In this March 10, 2011 photo, tenor Nelson Hebo prepares to sing in a concert with prominent and rising opera stars at the Church of the Heavenly Rest in New York. Nelson’s journey has been an odyssey as dramatic and surreal as any opera. It has swept him from the war-ravaged streets of Luanda to the universities and opera houses of Europe and America, transforming his life and many others along the way. (AP Photo/Bebeto Matthews) — AP
WEST HARTFORD, CONN. — In his tiny dorm room, Nelson Hebo keeps an envelope containing a few tattered photographs of his family. His mother, Maria, gazes distantly from a black-and-white passport photo. His father, Francisco, stands on a patch of dirt outside their house in Angola clutching his young nephew, Fabio, and holding a Bible. Scribbled on the back, in Portuguese, are the words, “remember your father.”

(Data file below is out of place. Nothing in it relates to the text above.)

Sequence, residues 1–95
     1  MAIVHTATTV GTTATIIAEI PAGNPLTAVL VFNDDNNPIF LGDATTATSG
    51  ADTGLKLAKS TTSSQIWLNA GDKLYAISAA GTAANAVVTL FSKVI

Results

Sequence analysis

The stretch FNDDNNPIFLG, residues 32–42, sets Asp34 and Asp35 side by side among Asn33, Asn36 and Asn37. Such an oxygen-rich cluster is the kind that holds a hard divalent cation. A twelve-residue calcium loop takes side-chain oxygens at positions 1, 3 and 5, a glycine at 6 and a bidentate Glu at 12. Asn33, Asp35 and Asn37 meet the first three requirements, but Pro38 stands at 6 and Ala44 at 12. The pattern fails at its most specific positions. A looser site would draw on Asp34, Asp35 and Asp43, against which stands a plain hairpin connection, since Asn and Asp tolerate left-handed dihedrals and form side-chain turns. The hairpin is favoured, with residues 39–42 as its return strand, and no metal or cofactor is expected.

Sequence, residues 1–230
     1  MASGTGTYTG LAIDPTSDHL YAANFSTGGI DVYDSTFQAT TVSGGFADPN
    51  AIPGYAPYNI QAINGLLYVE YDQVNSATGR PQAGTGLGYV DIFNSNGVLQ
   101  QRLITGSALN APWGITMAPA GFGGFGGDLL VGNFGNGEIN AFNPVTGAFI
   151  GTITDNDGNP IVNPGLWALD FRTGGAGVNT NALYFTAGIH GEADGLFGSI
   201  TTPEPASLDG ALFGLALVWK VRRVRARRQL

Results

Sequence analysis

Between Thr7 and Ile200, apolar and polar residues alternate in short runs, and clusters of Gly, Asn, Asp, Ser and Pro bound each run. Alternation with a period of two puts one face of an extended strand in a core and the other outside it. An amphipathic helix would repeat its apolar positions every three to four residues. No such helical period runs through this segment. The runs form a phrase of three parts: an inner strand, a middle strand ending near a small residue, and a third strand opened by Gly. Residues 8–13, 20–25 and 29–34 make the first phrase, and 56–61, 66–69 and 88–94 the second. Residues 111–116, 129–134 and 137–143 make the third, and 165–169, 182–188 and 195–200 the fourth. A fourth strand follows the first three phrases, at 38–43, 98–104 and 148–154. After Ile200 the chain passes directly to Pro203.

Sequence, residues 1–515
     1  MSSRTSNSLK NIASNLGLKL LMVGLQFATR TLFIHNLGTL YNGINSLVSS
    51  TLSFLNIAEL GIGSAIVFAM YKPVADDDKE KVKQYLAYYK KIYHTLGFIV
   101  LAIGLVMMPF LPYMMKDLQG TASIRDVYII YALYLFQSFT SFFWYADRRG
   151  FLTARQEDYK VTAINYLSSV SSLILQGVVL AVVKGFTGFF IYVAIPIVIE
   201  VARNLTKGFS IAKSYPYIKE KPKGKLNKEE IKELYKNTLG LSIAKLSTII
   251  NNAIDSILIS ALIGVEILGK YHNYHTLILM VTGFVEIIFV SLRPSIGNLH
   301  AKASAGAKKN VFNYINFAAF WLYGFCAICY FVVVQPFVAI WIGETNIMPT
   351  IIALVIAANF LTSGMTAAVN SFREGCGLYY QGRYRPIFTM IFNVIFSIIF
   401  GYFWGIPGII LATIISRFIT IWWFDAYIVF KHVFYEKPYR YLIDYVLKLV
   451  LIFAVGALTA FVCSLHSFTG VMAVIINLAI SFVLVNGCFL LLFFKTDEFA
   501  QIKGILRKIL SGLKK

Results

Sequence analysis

Nelson turns away. He cannot hide the sadness in his eyes.
“It is very hard to look at them,” he says quietly.
These are reminders of the world Nelson Hebo was born into: a world of poverty and violence and disease, where soldiers dragged young men from dusty streets at rifle-point, where gunfire shattered the night, where the only meal of the day might be a bowl of rice steeped in sugar washed down with “coffee” brewed from burnt beans.